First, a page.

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Wood Blanks & Paint Options (one shot getting too expensive)

Discussion in 'Product and Supplier Referrals' started by New England Wraps, Jun 20, 2019.

  1. New England Wraps

    New England Wraps New Member

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    Hello, looking to possibly do a sandblasted wood sign. I haven't done this in years so I am wondering what other people do nowadays ( not looking for foam ) I live in Florida. I am in an area that uses a lot of carved/sandblasted signage.
    ALSO, One shot has skyrocketed, I do a lot of sign resto's and would like some ideas on other paints that are possibly more cost-effective.

    Thanks
     
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  2. Old Timer

    Old Timer Member

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    Have good success with PPG Manor Hall and Paramount acrylic latex
     
  3. Jean Shimp

    Jean Shimp Member

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    We used to sandblast wood signs many years ago. For best results you'll want a kiln dried vertical grain wood. There are companies that still sell this type of wood sign blanks that you can buy and blast yourself but they are not cheap. We now use PVC with a wood grain texture instead of sandblasting real wood. For paint we use acrylic latex house paints. These products last a long time in the Florida climate. (Maybe too long as we don't get as much repeat business:()
     
  4. petrosgraphics

    petrosgraphics Member

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    we have access through our supplier for ALL WOOD it is red cedar. it comes 1 3/4" thick in a choice of ready made sizes. nice product and blasts very nicely. just not sure if your supplier has access to the product.
     
  5. visual800

    visual800 Very Active Member

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    first off why in the h@ll are you using one shot for anything? Using BEHR exterior paints is better than using one shot especially in FL. I would switch to routed pvc, the cost is less expensive than wood and I would imagine the durability is better. Now take all that one shot and dump it
     
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  6. kcollinsdesign

    kcollinsdesign Active Member

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    The most economical coating will be acrylic polyurethane (biggest performance:cost ratio). If you do not have spray capability (equipment, booth), a high quality exterior latex works well (I use Manor Hall). I would recommend an alkyd "stain-blocking" primer on wood. Details can be painted on using One-Shot.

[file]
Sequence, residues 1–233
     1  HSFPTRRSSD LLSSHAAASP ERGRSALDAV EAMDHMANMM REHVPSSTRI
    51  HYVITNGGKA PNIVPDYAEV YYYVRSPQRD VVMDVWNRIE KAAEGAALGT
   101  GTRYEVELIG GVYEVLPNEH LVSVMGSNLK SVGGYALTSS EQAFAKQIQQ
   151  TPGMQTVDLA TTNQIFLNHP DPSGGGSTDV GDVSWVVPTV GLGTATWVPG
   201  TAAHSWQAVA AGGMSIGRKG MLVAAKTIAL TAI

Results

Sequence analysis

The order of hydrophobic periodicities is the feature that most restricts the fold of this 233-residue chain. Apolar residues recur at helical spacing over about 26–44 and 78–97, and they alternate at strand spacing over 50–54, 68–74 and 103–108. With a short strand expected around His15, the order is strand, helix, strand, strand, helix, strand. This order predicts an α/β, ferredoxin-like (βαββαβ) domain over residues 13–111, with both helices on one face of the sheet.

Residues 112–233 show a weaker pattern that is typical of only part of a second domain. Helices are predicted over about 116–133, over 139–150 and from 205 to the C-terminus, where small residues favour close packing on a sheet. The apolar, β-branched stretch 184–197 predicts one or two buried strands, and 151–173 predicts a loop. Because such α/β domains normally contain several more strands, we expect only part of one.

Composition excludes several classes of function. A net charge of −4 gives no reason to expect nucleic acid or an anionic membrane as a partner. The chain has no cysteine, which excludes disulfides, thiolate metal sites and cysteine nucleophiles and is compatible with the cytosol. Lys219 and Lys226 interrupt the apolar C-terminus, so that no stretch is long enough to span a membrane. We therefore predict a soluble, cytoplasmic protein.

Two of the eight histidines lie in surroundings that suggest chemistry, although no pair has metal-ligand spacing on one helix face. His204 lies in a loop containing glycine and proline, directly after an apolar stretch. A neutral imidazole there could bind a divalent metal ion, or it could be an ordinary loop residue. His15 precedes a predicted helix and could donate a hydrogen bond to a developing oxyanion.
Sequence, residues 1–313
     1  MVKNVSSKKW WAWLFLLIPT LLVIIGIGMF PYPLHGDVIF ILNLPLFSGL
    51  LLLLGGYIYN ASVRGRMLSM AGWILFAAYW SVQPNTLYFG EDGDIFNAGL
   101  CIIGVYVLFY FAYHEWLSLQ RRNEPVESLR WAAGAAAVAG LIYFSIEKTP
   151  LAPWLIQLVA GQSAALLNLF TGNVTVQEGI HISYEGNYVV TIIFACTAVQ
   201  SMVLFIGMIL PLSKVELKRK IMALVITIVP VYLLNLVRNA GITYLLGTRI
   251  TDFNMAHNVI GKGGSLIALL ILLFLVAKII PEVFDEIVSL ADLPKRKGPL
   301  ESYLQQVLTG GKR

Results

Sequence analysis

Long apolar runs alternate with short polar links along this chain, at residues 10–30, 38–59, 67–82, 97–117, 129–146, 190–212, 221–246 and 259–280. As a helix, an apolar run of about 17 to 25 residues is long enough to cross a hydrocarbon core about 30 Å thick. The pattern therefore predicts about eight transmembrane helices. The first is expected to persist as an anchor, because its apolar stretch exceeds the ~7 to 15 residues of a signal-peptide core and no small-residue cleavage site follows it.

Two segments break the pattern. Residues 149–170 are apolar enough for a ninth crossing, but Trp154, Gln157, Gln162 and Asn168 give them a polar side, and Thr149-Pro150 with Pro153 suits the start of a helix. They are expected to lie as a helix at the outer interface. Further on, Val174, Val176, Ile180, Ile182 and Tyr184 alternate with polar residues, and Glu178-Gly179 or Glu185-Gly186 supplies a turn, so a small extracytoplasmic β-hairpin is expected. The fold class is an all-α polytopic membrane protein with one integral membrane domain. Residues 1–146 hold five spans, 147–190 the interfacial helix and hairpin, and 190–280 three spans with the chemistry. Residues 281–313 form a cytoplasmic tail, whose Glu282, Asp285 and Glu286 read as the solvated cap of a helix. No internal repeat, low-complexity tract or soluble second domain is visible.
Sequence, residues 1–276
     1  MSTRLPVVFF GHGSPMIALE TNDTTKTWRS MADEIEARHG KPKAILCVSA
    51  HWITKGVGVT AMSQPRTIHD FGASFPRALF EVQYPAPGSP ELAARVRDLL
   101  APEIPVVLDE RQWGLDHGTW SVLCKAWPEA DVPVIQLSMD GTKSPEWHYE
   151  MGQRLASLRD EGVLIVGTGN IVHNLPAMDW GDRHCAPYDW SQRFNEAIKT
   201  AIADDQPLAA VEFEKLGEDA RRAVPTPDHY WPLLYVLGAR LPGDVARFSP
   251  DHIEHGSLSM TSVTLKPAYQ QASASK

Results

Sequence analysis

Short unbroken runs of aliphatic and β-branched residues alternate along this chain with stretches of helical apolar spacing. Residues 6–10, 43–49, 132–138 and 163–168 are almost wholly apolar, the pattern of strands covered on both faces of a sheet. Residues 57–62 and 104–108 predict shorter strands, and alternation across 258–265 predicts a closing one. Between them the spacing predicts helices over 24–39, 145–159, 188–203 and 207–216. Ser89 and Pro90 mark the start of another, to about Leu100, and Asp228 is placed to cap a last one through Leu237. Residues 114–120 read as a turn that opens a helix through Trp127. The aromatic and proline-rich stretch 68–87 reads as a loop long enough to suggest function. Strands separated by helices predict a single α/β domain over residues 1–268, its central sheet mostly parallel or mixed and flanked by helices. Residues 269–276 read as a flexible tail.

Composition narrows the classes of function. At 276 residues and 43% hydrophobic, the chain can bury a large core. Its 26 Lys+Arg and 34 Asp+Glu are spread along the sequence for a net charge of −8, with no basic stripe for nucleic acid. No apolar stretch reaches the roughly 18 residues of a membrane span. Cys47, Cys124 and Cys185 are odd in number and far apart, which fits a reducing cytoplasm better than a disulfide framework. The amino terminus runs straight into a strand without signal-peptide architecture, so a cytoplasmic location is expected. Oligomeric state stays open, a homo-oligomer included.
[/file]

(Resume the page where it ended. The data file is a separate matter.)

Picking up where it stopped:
The bigger issue is why wood? Cedar and Redwood have been "go-to" products for years because the natural occuring oils help protect the wood from water damage. HDU will likely be a better choice. It is not effected by water. You will probably want to use a high-build primer for a smooth surface, but it can be painted directly if the somewhat rougher texture suits your application.

    If you are going for a "natural wood look", understand that no finish will last more than a few years. The best I have used are epoxy-fortified stains such as DEFY. Again, brushed details can be painted on top using One-Shot.

    A lot of people have been complaining about One-Shot over the years. It is still the best paint (along with Ronan and a few others) for hand lettering and brushed details (urethane striping enamels are available, but can be tricky to use). If you are not skilled in brush lettering, artist's acrylic latex also makes for a good detail paint, for applications requiring masking and painting raised letters.
     
  7. signbrad

    signbrad Member

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    Latex is better than oil on raw wood

    High-quality latex acrylics definitely have the advantage over oil based lettering enamels on raw wood (and masonry). Paint films that dry to a hard shell will usually crack and fail when there is movement of the substrate, as is the case with wood. Latex, by contrast, is stretchy and will move with the wood. Latex is also semi-permeable, giving it a great advantage over oil paints when moisture is present in wood or masonry. House painters have long known that moisture contained in wood house siding can escape through a latex film but is trapped by an oil enamel, resulting in blisters.